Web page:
When building your application there's a lot to worry about, from choice of framework and stack to designing the application itself, to questions of when to worry about scalability. Your database shouldn't have to be one extra layer of concern. You should be able to put data in, trust it will stay safe, and finally get data back out – in a performant manner. Yet, with all the moving parts in your application, understanding issues in your database can be a huge pain. Today we're releasing pg-extras, a heroku toolbelt plugin, to provide additional insights into your database and to make working with your database easier.
Get started by installing the plugin for the heroku toolbelt:
$ heroku plugins:install git://github.com/heroku/heroku-pg-extras.git
Now you have many more commands available to provide you the insight you need within the pg namespace of the heroku toolbelt:
$ heroku help pg
pg:bloat [DATABASE] # show table and index bloat in your database ordered by most wasteful
pg:blocking [DATABASE] # display queries holding locks other queries are waiting to be released
pg:cache_hit [DATABASE] # calculates your cache hit rate (effective databases are at 99% and up)
You can read more on each command available and what insights you can get from it within the pg-extras readme. Lets highlight a few:
Each production tier plan’s RAM size constitutes the total amount of System Memory on the underlying instance’s hardware, most of which is given to Postgres and used for caching. While a small amount of RAM is used for managing each connection and other tasks, Postgres will take advantage of almost all this RAM for its cache. You can read more about how this works in our article on understanding postgres data caching.
As a guide for most web applications cache hit ratio should be in the 99%+ range.
$ heroku pg:cache_hit
name | ratio
index hit rate | 0.99985155862675559832
cache hit rate | 0.99999671620611908765
Premature optimization has both the cost of losing time on feature development and the risk of wasted optimizations. Indexes are one area that’s easy to ignore until you actually need them. A good index should be across a table of some reasonable size and highly selective. However indexes aren’t free, as there is a measurable cost to keeping them updated and storing them, so unused indexes which you can see with
heroku pg:unused_indexes are to be avoided. With
pg:index_usage you can begin to get a clear idea of how to manage/maintain your indexes. Running the command will give you output like the following:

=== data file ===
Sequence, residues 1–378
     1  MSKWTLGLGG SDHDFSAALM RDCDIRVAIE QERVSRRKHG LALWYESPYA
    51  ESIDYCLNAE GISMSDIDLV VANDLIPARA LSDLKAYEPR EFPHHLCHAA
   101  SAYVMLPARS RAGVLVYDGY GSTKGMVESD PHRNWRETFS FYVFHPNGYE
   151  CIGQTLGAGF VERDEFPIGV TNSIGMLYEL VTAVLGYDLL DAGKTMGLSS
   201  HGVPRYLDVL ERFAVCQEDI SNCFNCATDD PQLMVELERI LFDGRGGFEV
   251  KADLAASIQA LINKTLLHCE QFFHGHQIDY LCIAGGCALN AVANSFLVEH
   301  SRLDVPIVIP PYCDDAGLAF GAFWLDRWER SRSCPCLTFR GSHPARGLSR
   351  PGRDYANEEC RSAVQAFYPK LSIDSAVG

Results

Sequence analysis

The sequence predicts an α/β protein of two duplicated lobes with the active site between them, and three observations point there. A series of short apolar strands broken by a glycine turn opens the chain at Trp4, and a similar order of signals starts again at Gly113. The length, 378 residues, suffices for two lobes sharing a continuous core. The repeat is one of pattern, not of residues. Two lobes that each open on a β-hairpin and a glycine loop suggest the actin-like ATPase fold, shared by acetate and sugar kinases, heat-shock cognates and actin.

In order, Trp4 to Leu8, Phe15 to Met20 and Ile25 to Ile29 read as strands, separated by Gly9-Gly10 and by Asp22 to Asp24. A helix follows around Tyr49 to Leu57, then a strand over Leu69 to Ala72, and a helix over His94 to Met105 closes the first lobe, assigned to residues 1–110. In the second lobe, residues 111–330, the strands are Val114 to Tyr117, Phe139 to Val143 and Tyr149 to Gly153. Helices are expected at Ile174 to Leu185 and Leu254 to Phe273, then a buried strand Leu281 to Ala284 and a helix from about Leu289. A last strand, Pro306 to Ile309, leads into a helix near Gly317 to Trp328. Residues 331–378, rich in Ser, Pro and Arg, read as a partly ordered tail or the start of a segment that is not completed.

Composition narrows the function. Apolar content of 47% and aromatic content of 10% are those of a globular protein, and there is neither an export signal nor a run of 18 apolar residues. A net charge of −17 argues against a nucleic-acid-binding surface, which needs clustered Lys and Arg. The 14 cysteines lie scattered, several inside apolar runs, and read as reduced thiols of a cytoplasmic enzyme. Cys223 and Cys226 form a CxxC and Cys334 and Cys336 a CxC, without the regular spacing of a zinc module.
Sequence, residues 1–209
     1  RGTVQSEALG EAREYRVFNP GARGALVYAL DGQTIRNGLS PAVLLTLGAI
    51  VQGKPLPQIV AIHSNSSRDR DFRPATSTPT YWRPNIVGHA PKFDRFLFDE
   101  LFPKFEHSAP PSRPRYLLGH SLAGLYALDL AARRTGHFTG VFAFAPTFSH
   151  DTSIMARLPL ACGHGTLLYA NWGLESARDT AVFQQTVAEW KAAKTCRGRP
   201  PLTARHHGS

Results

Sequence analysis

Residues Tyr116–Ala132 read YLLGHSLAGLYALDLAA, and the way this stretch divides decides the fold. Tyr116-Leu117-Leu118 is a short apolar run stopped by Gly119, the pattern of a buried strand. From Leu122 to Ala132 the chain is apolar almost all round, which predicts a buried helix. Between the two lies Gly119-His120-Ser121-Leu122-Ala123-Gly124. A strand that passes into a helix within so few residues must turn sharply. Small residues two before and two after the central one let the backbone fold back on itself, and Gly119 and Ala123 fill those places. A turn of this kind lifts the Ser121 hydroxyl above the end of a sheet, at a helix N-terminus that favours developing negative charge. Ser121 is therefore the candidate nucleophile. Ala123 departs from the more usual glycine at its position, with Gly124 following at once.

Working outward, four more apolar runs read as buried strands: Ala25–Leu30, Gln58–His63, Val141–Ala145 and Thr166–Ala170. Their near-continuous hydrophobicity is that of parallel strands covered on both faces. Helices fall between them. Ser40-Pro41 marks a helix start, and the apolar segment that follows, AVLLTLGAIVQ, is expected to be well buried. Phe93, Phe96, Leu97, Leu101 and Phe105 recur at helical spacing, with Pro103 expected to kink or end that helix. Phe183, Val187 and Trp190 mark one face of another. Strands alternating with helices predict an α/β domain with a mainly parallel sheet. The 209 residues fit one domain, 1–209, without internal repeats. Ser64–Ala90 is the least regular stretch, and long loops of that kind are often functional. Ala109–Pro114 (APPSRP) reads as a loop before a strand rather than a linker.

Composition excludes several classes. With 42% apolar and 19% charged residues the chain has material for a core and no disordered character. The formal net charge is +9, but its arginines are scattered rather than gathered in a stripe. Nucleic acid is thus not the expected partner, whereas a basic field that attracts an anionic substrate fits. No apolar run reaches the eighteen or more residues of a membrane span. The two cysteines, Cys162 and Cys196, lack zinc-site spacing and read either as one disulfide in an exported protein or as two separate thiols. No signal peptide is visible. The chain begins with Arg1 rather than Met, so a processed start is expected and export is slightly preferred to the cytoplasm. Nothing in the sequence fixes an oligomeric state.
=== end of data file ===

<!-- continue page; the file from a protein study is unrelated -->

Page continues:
$ heroku pg:index_usage --app dashboard
relname | percent_of_times_index_used | rows_in_table
events | 65 | 1217347
app_infos | 74 | 314057
app_infos_user_info | 0 | 198848
From the above you can see that the app_infos_user_info has never had an index used and could likely benefit from adding an index. Even the events table could benefit from some additional indexes. From this you could then follow a more detailed guide for getting your indexes setup.
Locks are bound to happen within your database, usually these are very short lived on the order of milliseconds. In PostgreSQL fortunately writing data does not hold a lock preventing it from being read. However, you can still encounter unintentional cases where you have long lived locks due to contention. Such cases can create follower lag, cause issues for other queries and in general start to impact application performance. With the
pg:locks command you can easily view all current locks and how long they've been held.
Whether its lock contention, a long running analytics query, or a bad cross join there are times where you want to stop a query. The
pg:kill statement will allow you to kill any currently running query by specifying its pid which is displayed with commands
pg:ps. Or if your database is in dire straights you also have the abilty to run
pg:killall to kill all currently running queries. Having the ability to stop runaway queries will allow you to feel even safer when others need access to your database to get the reports they need.
We've already found pg-extras incredibly useful and expect you will too. Going forward pg-extras will be the playground for new commands available power users that install the plugin. Over time some commands may leave pg-extras and become part of the toolbelt or be removed if they’re not beneficial. We welcome your input on which commands you find helpful or what else you’d like to see in pg-extras at firstname.lastname@example.org.